As FX and the producers of Feud: Bette and Joan learned today in court, time waits for no one, especially if 101-year old Olivia de Havilland wants a speedy trial for her lawsuit over how she was depicted in the Emmy nominated series.
Just days before the Ryan Murphy co-created Feud could see big wins at the 69th annual Primetime Emmy Awards on September 17 for stars Susan Sarandon and Jessica Lange, LA Superior Court Judge Holly Kendig unsurprisingly ruled Wednesday in the two time Oscar winner’s favor. An approximately five to seven-day trial has been set to start on November 27.
While the Paris-based de Havilland was not at the well-attended hearing today with her attorneys, her daughter and LA resident Gisele Galante Chulak was there. There was no real opposition from FX and the other defendants in the matter, though the parties differed over how long the trial should take. “Because this goes back decades, there are third parties we have to locate,” said FX attorney Robert Rotstein this morning seeking more trial time, looking at experts in genre and the like.
“I can’t image how one could not do that when the plaintiff is 101 years old,” said the Judge in court, though she expressed concerns about having a trial so close to the holidays. Judge Kendig set November 13 as the date of final exchange of documents between the parties, including jury instructions.
Seeking wide-ranging damages and a move to essentially shut down the FX anthology show with an injunction, de Havilland insisted in her initial June 30 lawsuit that her portrayal by Catherine Zeta-Jones in Feud damaged her “professional reputation for integrity, honesty, generosity, self-sacrifice and dignity.”
Having won twice at the Creative Emmys this past weekend, Feud is up for 10 nominations on September 17 out of its total of 18. With a trial now set, de Havilland’s legal team of Don Howarth, Suzelle Smith and Zoe Tremaye of L.A.’s Howarth & Smith will surely depose Murphy, FX execs, Oscar winner Zeta-Jones and others connected to the case. Undoubtedly, de Havilland herself will also sit for a deposition and come to town for the trial from her home in France.
First proposed back in late July, the motion to fast track the proceedings is based on the reality of de Havilland’s “unusually advanced age,” to quote the paperwork from her lawyers. Simply put, without being too indelicate and aware of how long such suits can grind away in the courts, the July 1, 1916-born icon wanted everything expedited so she would be alive to see Lady Justice in action. A statute in the state of California provides for parties in a legal matter to petition for a faster trial, for the obvious reasons.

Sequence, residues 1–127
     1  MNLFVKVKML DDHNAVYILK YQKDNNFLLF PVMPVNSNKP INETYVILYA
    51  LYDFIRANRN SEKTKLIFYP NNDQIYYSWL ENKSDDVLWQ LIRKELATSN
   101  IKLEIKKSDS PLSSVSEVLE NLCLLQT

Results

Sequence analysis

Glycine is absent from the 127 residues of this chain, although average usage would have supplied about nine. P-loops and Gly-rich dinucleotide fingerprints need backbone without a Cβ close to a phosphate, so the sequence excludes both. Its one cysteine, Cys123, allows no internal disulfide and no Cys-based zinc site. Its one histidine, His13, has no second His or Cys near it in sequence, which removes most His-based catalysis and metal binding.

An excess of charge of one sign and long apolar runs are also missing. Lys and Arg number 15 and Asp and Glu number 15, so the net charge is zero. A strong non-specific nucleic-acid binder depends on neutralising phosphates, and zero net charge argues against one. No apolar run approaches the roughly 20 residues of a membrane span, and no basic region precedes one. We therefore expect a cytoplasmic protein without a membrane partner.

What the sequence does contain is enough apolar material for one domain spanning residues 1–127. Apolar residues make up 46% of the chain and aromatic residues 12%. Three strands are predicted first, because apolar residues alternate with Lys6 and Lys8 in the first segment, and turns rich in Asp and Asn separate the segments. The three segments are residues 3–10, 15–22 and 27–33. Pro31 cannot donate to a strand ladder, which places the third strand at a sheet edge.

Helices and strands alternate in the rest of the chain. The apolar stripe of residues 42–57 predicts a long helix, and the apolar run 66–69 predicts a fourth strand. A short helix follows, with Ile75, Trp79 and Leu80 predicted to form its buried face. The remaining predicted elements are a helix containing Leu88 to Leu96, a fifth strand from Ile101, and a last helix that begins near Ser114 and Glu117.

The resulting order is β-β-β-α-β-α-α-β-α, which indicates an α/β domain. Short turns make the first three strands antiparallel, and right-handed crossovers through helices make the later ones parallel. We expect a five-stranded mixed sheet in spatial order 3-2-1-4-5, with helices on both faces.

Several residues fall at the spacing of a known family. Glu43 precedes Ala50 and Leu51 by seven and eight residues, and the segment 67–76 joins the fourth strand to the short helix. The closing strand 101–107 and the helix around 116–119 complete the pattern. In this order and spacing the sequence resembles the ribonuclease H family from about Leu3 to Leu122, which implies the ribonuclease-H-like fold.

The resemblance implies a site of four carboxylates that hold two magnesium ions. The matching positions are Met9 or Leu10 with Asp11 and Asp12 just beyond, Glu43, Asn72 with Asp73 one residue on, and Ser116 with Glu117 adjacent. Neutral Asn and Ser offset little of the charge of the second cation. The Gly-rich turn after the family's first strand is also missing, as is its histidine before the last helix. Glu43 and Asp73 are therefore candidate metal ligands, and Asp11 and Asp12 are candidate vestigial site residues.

In her jury seeking complaint of late June, the Hold Back the Dawn and The Heiress actress asserts that FX, Murphy and producers 20th Century Fox TV never even sought nor obtained her permission to depict her or use her name in their eight-episode series about Joan Crawford and Bette Davis. Among other issues, de Havilland’s lawsuit specifically targets the alleged backstage drama depicted in Feud‘s “And the Winner Is” fifth episode at the 1963 Oscars.
“At the 1963 Academy Awards, Zeta-Jones’ de Havilland comments to Bette Davis, portrayed by Susan Sarandon, that Oscar host Frank Sinatra must have drunk all the alcohol in the backstage lounge, because they cannot find any,” says the June 30 compliant. “All of this is untrue and casts Olivia de Havilland in false, hurtful and damaging light.”
Of course, FX and the other defendants repudiate de Havilland’s claims – respectfully.
“By alleging that Feud casts her in a false light and violates her right of publicity, Olivia de Havilland’s meritless lawsuit seeks to impinge on Defendants’ First Amendment right to create expressive works about matters of public interest,” asserts an extensive August 29 anti-SLAPP motion to strike from FX’s Mitchell Silberberg & Knupp LLP lawyers. “The Court should grant Defendants’ motion to strike in its entirety and award fees. “
A hearing on the anti-SLAPP motion is scheduled for September 29, also in Judge Kendig’s courtroom. If FX take a hit on that one, the defendant is expected to appeal quickly and seek an extended stay. To counter that, de Havilland’s side look sure to also seek an expedited treatment in the appellate court, as California law provides. The two sides could also mediate that part of the case, Howarth told the court Wednesday.
So, the Feud feud continues. See ya at the Emmys on Sunday.